Both Absa and the National Credit Regulator (NCR) refused this week to confirm the quantum of the fine that Absa will pay, the number of consumers impacted, or explain how consumers might benefit from a settlement reached between the bank and the regulator in a case against the bank for its lending practices in the so-called Satinsky vehicle-financing deals.
In July 2014, the Satinsky Group’s “Drive-a-new-car-for-R699-a-month” scheme imploded, leaving about 24 000 consumers in a precarious financial position. At the heart of the scheme was an advertising deal whereby consumers could earn a fee for using their cars as billboards for the scheme.
The fees generated from advertising the scheme effectively subsidised the vehicle instalment. But when the Satinsky Group’s holding company stopped paying the advertising rebate, consumers, mostly low-income earners, were unable to pay their instalments and fell into arrears.
At the time, it was alleged in numerous media reports that Satinsky’s sales staff, who acted as agents of the banks, had failed to conduct proper affordability assessments, or understated consumers’ living expenses, and that some consumers who were in arrears on their home loans or other credit agreements had been approved for credit. All of these misdemeanours constitute reckless lending, which is unlawful under the National Credit Act (NCA).
The settlement between the NCR and Absa is shrouded in secrecy in spite of the fact that it was made public by the Minister of Trade and Industry, Rob Davies, late last month.
Davies provided written responses to questions put to him by the Democratic Alliance (DA) in the process of Parliamentary questions and answers, all of which are on the public record.
The questions were submitted by Simon Lapping, a councillor for the DA in Ekurhuleni, and a crusader for consumers caught in the Satinsky scheme.
A case between the regulator and Absa concerning Satinsky customers was to be heard by the National Consumer Tribunal (NCT) in late November. Lapping asked what remedial action was decided and how it would benefit consumers affected by the case. He also asked whether a fine, settlement and/or criminal charges would be pursued against any person found guilty in the case.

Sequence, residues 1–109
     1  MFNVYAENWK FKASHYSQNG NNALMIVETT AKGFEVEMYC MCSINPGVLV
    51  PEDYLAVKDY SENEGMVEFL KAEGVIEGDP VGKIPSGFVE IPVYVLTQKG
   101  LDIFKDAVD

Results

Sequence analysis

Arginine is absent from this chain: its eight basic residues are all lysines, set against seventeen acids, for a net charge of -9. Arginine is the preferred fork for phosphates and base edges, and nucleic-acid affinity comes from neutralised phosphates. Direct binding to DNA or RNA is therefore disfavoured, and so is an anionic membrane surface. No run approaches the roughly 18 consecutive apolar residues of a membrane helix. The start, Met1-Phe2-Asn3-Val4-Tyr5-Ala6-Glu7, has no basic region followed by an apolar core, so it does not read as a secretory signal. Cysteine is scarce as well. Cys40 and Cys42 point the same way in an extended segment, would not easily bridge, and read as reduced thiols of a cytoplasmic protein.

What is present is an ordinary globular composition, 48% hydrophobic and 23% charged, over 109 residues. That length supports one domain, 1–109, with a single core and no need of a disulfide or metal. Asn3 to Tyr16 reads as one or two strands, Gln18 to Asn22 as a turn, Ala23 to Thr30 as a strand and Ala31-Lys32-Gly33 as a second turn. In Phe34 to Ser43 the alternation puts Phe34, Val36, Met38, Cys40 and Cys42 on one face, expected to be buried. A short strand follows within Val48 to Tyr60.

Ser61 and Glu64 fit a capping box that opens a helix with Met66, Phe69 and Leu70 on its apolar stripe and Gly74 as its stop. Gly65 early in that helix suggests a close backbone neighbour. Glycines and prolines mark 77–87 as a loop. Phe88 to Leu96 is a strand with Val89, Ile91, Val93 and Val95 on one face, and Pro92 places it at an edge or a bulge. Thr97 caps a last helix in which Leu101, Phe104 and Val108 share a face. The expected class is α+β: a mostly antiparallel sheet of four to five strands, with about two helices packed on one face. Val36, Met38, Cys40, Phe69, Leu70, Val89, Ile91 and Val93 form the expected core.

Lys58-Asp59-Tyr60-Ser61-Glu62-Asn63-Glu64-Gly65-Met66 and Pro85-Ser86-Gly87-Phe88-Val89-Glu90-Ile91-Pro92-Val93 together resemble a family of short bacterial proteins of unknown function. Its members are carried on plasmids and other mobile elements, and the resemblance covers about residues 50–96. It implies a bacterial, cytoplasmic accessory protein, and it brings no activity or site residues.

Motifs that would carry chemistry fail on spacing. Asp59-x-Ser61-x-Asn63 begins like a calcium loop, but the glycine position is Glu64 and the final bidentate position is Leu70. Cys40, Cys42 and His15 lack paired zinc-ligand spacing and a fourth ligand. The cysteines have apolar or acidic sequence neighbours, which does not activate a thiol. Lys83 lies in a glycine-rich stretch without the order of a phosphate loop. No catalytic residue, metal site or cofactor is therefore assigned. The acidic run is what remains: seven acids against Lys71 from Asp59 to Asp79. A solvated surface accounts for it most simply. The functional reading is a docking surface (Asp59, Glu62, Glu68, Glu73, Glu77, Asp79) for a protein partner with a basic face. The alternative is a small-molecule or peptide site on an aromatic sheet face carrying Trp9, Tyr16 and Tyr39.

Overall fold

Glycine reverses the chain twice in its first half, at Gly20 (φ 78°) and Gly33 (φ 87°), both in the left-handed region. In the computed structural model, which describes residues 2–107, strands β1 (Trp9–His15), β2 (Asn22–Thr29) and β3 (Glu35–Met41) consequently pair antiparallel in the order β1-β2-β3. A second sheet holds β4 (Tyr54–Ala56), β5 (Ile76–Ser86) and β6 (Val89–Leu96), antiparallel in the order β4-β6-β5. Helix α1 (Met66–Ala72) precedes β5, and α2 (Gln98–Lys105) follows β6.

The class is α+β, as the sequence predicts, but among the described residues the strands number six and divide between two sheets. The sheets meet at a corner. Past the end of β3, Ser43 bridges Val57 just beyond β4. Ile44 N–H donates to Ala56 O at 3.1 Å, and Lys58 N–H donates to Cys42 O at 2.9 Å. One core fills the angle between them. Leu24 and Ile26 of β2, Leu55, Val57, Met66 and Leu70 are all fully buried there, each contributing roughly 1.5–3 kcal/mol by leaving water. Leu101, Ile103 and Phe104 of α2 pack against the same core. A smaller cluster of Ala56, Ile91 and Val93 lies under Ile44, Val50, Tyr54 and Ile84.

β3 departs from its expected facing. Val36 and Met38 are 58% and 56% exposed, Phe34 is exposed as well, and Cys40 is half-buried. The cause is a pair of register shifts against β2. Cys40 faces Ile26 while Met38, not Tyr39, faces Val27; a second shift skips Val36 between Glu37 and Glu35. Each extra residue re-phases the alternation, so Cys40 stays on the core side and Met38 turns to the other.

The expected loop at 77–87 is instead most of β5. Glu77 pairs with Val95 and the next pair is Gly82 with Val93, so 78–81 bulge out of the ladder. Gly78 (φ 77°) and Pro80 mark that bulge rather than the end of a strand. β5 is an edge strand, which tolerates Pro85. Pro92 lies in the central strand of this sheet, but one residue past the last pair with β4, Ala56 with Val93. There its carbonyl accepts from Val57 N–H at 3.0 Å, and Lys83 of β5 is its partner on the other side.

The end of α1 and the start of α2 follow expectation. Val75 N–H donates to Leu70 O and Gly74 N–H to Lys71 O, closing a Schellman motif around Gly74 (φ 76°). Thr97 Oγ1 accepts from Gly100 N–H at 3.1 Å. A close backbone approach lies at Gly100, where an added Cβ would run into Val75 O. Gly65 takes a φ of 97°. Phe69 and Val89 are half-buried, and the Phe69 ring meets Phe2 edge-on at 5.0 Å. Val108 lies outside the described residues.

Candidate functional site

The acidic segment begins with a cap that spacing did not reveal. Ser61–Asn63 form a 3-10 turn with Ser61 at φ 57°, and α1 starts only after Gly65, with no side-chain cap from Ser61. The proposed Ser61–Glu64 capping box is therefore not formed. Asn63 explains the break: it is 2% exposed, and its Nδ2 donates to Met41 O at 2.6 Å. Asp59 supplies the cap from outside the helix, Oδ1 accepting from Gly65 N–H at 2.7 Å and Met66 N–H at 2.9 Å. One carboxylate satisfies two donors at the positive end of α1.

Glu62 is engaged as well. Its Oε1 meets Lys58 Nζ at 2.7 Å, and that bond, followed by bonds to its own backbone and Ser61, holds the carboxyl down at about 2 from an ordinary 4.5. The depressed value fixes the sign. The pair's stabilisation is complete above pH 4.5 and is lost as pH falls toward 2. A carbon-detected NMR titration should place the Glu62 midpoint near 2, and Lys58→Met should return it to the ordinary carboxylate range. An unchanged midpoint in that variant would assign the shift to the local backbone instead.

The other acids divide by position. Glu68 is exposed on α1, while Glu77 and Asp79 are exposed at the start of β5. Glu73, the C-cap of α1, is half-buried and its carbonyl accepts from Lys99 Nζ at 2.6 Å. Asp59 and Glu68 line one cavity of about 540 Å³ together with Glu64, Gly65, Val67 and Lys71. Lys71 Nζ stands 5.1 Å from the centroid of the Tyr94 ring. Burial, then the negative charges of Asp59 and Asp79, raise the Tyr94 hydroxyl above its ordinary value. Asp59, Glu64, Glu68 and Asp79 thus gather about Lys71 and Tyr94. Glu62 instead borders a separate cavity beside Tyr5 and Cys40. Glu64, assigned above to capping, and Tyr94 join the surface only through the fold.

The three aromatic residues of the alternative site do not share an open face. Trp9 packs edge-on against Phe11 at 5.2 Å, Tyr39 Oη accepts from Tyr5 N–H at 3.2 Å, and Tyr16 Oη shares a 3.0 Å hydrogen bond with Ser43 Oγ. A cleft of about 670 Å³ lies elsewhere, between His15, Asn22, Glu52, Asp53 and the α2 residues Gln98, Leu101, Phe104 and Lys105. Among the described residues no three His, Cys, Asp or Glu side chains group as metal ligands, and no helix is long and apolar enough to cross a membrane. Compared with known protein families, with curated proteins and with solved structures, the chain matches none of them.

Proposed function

In response, Davies said the matter was settled between the parties on the basis that Absa pay an administrative fine of R10 million, and that consumers would benefit as follows.
In terms of the settlement, Absa is to:
• Write off the cost of credit on credit agreements;
• Restructure repayments for consumers who are in arrears;
• Rescind any civil court judgments against consumers at its own cost; and
• Instruct the credit bureaus to remove adverse listings from the credit records of consumers.
In terms of the NCA, the “cost of credit” is the total amount owing – the principal debt, plus all charges. However, it would appear from Davies’s answers that the cost of credit here refers to interest only, or interest and all or some fees levied by the bank, such as the initiation fee and monthly administration fees, and default charges. If it meant the total amount owing, was to be written off, there would be no repayment to “restructure”.
The minister’s response also states that “Absa is required to submit to the NCR an audit report confirming compliance with the terms of the agreement and once the report is submitted, the NCR will inform the affected consumers.”
This seems to suggest that if you’re an affected Absa customer, you will be informed by the NCR only once Absa has complied with the terms of the settlement.
Personal Finance asked Absa this week to confirm that it had agreed to a R10-million fine and to explain precisely how customers with Satinsky loans are impacted.